Because I teach (among other things) early British literature, I find I have to spend more time on background than on the literature itself. It isn’t just the detail stuff you might expect either — there’s a profound deficit of Hirsch’s cultural literacy, coupled with a disinterest in remedying that deficit that extends to ignoring the glosses and footnotes. This means that much of the time, not only are the kids unexposed to the literature in question, but they literally can’t see its purpose. Not only do they not get the jokes, they don’t even recognize when a joke is taking place, because all they’re hearing are conjunctions connecting words without referents. The texts — poems, plays, ideas given shape and weight — become the worst possible Dennis Miller routines.
But because there’s no situation that academia can’t make even more absurd, we’ve seen a rise in calls for what have been dubbed “21st Century Skills“, in which content is essentially fungible and what is emphasized is a mishmash of alleged “critical thinking” and life skills. I see this as a weird bastardization of Newman’s ideas of the liberal arts, claiming their flexibility without really anchoring the work in anything. The theory seems to be that because technology offers fast retrieval of content, what we really need is some sort of meta-educational process and let the content take care of itself (or let wiki and Google do it for you.)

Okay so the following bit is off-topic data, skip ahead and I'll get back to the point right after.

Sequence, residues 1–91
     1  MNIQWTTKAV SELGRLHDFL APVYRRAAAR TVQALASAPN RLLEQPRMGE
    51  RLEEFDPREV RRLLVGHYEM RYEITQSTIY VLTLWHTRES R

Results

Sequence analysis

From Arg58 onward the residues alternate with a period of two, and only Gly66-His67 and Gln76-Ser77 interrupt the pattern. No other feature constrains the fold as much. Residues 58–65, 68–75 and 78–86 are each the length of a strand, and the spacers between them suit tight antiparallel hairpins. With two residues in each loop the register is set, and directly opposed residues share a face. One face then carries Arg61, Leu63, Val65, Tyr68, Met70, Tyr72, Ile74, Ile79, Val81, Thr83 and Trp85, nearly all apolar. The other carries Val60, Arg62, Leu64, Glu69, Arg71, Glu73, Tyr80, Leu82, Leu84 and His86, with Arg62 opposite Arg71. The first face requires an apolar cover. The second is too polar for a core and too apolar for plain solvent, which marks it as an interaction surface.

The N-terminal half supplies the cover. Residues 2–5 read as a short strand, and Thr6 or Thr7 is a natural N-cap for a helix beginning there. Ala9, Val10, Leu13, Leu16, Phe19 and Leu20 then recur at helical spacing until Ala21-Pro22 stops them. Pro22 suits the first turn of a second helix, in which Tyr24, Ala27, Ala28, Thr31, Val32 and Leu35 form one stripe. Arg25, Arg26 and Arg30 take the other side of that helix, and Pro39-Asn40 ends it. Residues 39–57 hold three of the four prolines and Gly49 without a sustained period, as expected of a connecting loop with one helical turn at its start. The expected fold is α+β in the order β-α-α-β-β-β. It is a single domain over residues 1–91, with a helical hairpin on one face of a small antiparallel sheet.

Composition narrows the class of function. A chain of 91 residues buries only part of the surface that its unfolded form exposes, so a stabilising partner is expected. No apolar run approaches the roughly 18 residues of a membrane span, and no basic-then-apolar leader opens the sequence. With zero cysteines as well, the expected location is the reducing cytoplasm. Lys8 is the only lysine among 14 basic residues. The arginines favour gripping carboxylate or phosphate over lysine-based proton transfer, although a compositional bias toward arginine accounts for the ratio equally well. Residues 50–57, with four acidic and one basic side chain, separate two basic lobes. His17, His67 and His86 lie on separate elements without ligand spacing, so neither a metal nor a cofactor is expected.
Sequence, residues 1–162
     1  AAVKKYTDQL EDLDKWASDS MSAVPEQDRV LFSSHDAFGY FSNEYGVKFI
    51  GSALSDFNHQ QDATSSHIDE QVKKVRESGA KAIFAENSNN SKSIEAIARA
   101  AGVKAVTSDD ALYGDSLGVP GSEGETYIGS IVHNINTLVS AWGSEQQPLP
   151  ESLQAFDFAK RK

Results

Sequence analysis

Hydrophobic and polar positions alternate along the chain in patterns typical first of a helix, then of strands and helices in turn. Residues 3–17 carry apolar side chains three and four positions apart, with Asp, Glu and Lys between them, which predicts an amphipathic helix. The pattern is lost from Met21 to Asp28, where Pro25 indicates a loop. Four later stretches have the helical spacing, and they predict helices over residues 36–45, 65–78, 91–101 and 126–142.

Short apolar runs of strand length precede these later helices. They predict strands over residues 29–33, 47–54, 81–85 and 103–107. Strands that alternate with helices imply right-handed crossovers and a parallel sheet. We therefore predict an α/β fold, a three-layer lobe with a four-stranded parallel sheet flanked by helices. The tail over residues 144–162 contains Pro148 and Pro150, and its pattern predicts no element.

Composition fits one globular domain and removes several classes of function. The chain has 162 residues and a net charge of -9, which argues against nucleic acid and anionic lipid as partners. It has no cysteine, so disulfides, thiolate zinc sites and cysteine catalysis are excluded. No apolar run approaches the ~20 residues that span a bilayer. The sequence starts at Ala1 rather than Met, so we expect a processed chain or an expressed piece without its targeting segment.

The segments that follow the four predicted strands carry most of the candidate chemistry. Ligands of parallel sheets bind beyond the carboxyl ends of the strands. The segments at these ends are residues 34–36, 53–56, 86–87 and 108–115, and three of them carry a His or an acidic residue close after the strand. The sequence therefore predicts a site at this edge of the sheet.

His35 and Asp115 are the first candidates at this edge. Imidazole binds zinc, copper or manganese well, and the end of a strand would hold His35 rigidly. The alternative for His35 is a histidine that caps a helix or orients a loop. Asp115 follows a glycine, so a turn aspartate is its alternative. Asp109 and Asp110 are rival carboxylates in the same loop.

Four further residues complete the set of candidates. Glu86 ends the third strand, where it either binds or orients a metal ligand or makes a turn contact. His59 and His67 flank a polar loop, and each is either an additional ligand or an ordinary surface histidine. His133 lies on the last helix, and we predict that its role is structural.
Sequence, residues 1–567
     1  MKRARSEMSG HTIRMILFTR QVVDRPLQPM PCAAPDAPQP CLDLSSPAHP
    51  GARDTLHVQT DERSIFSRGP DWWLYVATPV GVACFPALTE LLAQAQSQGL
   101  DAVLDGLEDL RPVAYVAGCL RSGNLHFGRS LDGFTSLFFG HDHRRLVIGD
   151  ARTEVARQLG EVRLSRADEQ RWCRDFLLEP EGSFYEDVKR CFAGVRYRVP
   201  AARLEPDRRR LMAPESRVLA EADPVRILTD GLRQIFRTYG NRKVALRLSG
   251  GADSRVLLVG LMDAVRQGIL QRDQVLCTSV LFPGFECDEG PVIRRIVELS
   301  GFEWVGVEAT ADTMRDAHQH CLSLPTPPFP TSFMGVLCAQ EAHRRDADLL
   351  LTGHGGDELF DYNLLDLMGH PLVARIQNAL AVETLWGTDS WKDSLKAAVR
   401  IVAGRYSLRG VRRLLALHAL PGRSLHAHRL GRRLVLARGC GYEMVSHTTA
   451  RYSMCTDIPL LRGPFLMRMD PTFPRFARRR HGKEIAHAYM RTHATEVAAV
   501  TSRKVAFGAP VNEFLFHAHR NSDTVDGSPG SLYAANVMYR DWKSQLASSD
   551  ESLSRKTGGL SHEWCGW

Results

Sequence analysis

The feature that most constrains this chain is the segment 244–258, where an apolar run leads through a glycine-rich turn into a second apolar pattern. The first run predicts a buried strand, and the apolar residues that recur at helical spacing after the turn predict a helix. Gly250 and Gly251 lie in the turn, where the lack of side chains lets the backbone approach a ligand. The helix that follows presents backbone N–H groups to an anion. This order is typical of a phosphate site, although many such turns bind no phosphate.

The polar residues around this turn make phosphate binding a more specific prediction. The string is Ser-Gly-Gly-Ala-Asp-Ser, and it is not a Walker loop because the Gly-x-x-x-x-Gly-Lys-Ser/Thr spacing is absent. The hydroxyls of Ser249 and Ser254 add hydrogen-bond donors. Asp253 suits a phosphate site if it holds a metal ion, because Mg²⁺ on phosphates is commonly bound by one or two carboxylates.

The good news is that over at Chicago Boyz, David Foster demonstrates that the application of this theory is bunk. He uses a pretty unremarkable couplet from Jakob Dylan and spells out the “content knowledge” that is required to understand even those two lines. Again, this isn’t Finnegan’s Wake we’re discussing here.
Critical thinking requires some foundation of information. Unfortunately, those who would claim to teach that critical thinking seem only too willing to abdicate the responsibility for making sure the foundation is in place. What remains is an edifice like Spenser’s House of Pride, which itself is described in literary and Biblical allusion. And like the House of Pride, a world filled with content-free “educated people” is not a place you’ll want to stay.